Monday, December 13, 2010

Reasoning and Choice - Sniderman, Bordy, and Tetlock (1991)

Sniderman, Paul M., Richard A. Brody, and Philip E. Tetlock. 1991. Reasoning and Choice. New York: Cambridge University Press.

Some books are repeatedly cited with many reasons. Some are highlighted because of their initiation of certain research topics. Some are highlighted because of novelty of their arguments. Some are focused because their findings are well summarized and organized, serving like a final report in discussed topic. Whatever the category they belong to, books with many citations deserve to read carefully, I believe.

This book, I think, seems the third category. Findings and critics (meaning the accurate or correct judgment of an external world phenomenon) are well summarized and how they sort them out in order to fit their arguments. Especially, the first chapter is well constructed what topics the authors want to deal with, and what suggestions for future research could transform the discipline into the better.

According to the authors, there are six themes with which they want to deal in their book: “the revolt against minimalism, the concept of consistency, the role of feelings as well as beliefs in political reasoning, the “heterogeneity” assumption, the role of education in democratic citizenship, and an account of .. dynamics of reasoning and choice” (pp.1-2). Of course, the six themes are well-interconnected with each other.

Arguments, I believe, do not wait for my summary. Here (because this writing is for myself, not for other readers) I want to note one dissatisfaction over their findings and conclusion.

While many paragraphs deal with two psychological mechanisms (i.e., differentiation and integration), I think their definitions are not so harmonious with their uses of terms. I believe that these seemingly unfitted use of terminology does not belong to the authors’ faults, but conventions of opinion surveys or quantitative measures. First, there are many places where we can observe ‘idea-elements’ following Phillip E. Converse (1964), but there are actually no ‘ideas’ in measurements. Ideas are imposed by researchers or survey designers with the form of preference of certain issues (e.g., affirmative action) or arguments (e.g., people with AIDS should be quarantined) or principles (liberalism-conservatism). However, ideas, in normal discourse, denote some thoughts or cognitions, rather than preferences. Also ideas usually imply that thoughts or cognitions are created or voluntary, rather than given.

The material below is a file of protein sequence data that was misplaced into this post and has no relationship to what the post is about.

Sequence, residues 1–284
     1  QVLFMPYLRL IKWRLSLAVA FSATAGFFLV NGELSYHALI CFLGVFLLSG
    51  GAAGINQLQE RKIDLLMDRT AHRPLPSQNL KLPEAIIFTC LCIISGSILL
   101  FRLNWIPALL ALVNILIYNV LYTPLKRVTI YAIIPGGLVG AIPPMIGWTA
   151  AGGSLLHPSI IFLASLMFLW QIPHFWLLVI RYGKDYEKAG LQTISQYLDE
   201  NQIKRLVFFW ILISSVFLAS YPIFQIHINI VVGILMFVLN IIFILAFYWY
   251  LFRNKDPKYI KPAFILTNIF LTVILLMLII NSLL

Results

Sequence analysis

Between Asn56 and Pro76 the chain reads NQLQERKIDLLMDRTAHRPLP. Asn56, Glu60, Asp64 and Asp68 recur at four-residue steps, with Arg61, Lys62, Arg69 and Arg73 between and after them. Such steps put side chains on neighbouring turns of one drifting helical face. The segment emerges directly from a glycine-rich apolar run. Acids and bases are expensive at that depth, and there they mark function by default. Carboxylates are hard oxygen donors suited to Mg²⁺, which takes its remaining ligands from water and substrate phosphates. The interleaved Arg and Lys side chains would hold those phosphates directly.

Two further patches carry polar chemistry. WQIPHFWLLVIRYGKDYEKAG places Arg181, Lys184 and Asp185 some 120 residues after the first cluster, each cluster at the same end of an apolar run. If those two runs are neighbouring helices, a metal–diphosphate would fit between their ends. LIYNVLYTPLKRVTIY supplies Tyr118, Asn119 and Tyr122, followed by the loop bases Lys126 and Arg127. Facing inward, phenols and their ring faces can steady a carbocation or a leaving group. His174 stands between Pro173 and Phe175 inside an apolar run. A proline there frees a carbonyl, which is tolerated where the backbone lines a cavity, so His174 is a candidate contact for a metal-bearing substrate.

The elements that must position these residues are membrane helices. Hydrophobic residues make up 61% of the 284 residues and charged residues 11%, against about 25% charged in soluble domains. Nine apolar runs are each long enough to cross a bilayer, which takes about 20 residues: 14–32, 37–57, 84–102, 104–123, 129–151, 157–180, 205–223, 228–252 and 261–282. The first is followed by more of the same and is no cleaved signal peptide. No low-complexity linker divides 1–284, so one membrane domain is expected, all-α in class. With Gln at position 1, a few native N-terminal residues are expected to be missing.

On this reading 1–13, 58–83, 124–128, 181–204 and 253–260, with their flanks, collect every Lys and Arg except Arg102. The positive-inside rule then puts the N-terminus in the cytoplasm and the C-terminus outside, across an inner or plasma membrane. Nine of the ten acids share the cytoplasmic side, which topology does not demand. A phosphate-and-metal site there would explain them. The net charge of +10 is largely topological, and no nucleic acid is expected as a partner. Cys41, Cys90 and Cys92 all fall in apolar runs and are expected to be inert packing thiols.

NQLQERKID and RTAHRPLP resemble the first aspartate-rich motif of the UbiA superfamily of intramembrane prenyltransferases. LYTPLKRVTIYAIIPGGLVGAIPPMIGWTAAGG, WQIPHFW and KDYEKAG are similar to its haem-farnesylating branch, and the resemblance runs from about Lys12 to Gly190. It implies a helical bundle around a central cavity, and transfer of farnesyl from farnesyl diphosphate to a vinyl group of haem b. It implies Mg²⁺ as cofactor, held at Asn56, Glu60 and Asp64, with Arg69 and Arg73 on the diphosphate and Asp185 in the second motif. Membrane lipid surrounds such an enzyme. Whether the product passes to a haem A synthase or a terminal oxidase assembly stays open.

Second, thus belief system seems like judgmental structure of preference, rather than a system of knowledge or others.

Third, thus the mentioned belief system has to be measured as the strength between preference A and preference B, rather than a system of key ideas or thoughts or cognitions.

Fourth, opinion polls only ask respondents to assign themselves on a given set of locations.

Thus differentiation is less likely to be measured quantitatively because the dimensions that are obtained are previously achieved by a researcher, not by the survey respondent. While integration is possible to be measured, it has to be mixed with random guessing when respondents’ a web of belief is not sufficient enough.

However, as I’ve already pointed out, this book is book and sophisticated enough. A worthwhile book for reading and also holding for later consultation (although some chapters are out-of-dated because of the lead author’s later publication, such as “Scar of race” or “Reaching beyond race”)

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